The Falklands War was a ten-week war between Argentina and the United Kingdom over two British overseas territories in the South Atlantic: the Falkland Islands, and South Georgia and the South Sandwich Islands. It began on April 2, 1982 when Argentina invaded and occupied the Falkland Islands (and, the following day, South Georgia and the South Sandwich Islands) in an attempt to establish the sovereignty it had long claimed over them. On April 5, the British government assaulted the islands. The conflict ended with the Argentine surrender on June 14, 1982, returning the islands to British control. During the 74 days of the conflict, 649 Argentine military personnel, 255 British military personnel and three Falkland Islanders were killed.
The U.S. affected a neutral stance in the beginning, not publicly taking sides until this day in history, when President Reagan accused Argentina of “armed aggression” in the Falkland Islands and ordered limited sanctions against Argentina.
According to the New York Times on this date, Secretary of State Alexander M. Haig Jr. warned that the Falklands dispute was entering ”a new and dangerous phase, in which large scale military action is likely,” and Mr. Reagan offered to provide British military forces in the South Atlantic with ”materiel support.” But he ruled out any direct United States military involvement.
President Reagan, speaking to a group of Midwest editors and broadcasters at the White House, placed the blame for the conflict entirely on the Argentine government, proclaiming:
We must remember that the aggression was on the part of Argentina in this dispute over the sovereignty of that little ice-cold bunch of land down there, and they finally just resorted to armed aggression. I think the principle that all of us must abide by is, armed aggression of that kind must not be allowed to succeed.”
But thirty years after the end of the war, declassified documents from the National Security Archive revealed that the U.S. secretly supported the United Kingdom during the early days of the war, in spite of its public stance as a disinterested mediator. In a conversation with British officials at the end of March, Haig declared that the U.S. diplomatic effort “will of course, have a greater chance of influencing Argentine behavior if we appear to them not to favor one side or the other.”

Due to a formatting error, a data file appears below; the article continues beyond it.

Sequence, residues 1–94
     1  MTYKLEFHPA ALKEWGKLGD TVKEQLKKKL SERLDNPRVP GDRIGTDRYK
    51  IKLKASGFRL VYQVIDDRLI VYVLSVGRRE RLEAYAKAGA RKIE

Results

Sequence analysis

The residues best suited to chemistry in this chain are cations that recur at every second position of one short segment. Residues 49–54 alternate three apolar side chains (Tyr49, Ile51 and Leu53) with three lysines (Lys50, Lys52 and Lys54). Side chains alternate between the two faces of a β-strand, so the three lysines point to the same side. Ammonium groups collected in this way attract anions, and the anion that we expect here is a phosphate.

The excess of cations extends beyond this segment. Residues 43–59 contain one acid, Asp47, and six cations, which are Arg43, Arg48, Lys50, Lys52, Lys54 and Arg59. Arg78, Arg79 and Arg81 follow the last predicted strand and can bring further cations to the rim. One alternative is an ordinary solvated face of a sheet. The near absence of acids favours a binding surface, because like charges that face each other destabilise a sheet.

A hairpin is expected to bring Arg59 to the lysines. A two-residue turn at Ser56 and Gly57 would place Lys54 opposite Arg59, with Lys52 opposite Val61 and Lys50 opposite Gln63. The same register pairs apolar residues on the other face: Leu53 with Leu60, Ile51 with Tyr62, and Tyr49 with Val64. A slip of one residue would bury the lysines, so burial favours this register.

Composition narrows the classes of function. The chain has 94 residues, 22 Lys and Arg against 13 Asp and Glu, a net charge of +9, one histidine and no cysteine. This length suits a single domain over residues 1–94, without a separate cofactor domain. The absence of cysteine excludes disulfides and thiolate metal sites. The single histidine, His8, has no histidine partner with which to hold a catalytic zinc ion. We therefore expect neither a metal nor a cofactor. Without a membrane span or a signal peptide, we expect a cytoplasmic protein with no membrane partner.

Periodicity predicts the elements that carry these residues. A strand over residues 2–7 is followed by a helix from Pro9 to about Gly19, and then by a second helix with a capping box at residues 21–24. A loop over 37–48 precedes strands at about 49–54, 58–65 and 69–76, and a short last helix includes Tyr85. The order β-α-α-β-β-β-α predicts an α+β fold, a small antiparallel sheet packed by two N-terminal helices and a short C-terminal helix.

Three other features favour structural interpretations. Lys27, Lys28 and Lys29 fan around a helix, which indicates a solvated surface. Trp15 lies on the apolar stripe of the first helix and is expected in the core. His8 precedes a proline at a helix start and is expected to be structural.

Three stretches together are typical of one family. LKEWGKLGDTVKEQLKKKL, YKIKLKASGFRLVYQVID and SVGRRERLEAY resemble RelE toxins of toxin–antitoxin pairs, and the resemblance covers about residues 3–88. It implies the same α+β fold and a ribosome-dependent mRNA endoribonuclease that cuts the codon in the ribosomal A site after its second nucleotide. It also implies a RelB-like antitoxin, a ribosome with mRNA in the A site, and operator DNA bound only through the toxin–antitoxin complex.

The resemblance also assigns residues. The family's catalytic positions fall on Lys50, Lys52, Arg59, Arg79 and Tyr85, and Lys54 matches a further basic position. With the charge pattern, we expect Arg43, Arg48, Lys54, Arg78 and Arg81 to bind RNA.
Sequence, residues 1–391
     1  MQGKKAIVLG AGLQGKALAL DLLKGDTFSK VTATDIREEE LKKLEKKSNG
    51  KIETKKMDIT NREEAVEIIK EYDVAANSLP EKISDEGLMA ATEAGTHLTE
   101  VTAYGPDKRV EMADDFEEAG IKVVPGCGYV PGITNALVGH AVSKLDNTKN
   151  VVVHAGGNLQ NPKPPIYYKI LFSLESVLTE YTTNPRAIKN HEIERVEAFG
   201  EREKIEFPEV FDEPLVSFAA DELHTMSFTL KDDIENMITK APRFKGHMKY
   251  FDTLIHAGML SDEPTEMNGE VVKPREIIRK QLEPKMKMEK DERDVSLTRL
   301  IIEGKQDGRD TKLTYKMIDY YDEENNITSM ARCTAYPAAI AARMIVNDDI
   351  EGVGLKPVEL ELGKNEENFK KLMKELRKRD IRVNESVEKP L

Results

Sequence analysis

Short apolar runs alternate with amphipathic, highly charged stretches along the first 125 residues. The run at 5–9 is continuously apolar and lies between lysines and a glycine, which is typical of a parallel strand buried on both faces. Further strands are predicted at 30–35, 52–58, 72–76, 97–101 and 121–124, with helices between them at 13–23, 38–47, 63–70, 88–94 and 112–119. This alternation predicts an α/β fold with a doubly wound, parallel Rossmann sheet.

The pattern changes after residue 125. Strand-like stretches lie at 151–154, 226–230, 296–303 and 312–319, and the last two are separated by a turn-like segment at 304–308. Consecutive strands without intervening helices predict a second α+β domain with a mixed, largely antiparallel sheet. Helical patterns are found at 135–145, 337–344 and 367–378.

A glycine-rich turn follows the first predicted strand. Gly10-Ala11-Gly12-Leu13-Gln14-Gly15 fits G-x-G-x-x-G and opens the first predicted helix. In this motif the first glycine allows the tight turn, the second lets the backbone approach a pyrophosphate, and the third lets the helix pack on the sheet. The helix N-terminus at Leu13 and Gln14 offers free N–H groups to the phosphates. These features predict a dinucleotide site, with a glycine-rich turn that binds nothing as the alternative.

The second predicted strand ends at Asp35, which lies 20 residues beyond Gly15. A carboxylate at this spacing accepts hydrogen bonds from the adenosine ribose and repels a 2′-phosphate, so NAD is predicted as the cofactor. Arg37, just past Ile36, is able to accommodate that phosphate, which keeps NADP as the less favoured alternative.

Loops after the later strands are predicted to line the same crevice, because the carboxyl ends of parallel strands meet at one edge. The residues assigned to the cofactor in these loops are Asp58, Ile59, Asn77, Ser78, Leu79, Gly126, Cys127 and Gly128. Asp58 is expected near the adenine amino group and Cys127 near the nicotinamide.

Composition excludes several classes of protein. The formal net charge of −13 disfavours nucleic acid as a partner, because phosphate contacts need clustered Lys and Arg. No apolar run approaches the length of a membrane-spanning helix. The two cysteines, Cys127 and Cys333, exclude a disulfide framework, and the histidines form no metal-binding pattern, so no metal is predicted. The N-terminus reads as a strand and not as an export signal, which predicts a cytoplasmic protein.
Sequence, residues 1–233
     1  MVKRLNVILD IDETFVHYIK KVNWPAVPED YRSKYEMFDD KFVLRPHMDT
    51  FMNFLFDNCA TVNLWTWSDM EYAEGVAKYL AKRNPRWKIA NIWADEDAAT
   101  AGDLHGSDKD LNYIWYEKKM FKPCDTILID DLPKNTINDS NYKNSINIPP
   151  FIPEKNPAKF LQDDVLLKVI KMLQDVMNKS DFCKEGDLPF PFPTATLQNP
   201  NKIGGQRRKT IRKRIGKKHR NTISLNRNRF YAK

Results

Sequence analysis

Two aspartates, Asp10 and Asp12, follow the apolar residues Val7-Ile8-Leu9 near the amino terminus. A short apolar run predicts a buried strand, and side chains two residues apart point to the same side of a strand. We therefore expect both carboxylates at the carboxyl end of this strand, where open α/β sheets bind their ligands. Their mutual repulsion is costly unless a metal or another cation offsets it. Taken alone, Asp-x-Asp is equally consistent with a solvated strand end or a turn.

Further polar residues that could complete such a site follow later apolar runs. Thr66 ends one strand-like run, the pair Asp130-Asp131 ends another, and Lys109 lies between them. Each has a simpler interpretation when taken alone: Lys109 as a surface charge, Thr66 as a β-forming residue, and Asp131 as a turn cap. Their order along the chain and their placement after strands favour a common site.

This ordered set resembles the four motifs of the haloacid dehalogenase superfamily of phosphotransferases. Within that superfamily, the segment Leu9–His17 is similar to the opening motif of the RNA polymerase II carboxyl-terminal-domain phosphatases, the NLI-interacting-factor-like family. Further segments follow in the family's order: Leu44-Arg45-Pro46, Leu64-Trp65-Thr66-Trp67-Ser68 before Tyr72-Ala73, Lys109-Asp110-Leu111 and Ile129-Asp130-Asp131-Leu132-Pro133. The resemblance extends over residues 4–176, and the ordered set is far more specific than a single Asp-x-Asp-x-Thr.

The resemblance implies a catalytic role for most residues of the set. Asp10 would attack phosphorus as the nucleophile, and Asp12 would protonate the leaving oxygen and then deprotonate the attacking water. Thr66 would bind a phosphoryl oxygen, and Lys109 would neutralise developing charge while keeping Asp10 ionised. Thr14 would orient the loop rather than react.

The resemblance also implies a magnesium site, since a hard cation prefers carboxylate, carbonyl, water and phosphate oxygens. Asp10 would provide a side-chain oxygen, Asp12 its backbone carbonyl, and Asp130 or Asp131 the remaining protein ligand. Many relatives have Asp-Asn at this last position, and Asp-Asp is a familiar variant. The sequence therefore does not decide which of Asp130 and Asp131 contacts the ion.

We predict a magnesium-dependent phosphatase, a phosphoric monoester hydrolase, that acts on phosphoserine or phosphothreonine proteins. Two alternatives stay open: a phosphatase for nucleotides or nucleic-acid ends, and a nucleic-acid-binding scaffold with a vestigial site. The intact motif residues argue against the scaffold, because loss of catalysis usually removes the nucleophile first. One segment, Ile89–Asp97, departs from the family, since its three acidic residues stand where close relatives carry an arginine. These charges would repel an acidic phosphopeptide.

Thus, at a meeting in London on April 8, 1982 shortly after the war began, when Prime Minister Margaret Thatcher expressed concern to U.S. Secretary of State Alexander Haig about President Ronald Reagan’s recent public statements of impartiality, Haig said he was certain the Prime Minister knew where the President stood. We are not impartial.”
The documents released in 2012 also show that the U.S. provided Britain with substantial logistical and intelligence support from the outset of the war. At the April 8 meeting with Haig, Thatcher expressed appreciation for U.S. cooperation in intelligence matters and in the use of [the U.S. military base at] Ascension Island.” Intelligence reports on the political situation in Argentina were also regularly cabled to Britain.
As far as most of the world knew, however, April 30 was the date the U.S. finally decided in favor of Britain in the Falklands War.
You can read more about the revelations of the National Archive documents here.